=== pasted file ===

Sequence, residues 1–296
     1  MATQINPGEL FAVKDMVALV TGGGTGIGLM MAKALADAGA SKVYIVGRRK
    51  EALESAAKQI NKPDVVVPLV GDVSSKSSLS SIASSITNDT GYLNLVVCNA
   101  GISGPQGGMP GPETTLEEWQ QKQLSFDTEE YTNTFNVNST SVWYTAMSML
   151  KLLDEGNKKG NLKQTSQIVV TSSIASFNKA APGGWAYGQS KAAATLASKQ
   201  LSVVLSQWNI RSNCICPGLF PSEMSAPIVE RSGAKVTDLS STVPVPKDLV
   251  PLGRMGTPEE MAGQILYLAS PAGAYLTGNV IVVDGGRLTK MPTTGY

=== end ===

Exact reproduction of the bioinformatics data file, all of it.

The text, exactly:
Sequence, residues 1–296
     1  MATQINPGEL FAVKDMVALV TGGGTGIGLM MAKALADAGA SKVYIVGRRK
    51  EALESAAKQI NKPDVVVPLV GDVSSKSSLS SIASSITNDT GYLNLVVCNA
   101  GISGPQGGMP GPETTLEEWQ QKQLSFDTEE YTNTFNVNST SVWYTAMSML
   151  KLLDEGNKKG NLKQTSQIVV TSSIASFNKA APGGWAYGQS KAAATLASKQ
   201  LSVVLSQWNI RSNCICPGLF PSEMSAPIVE RSGAKVTDLS STVPVPKDLV
   251  PLGRMGTPEE MAGQILYLAS PAGAYLTGNV IVVDGGRLTK MPTTGY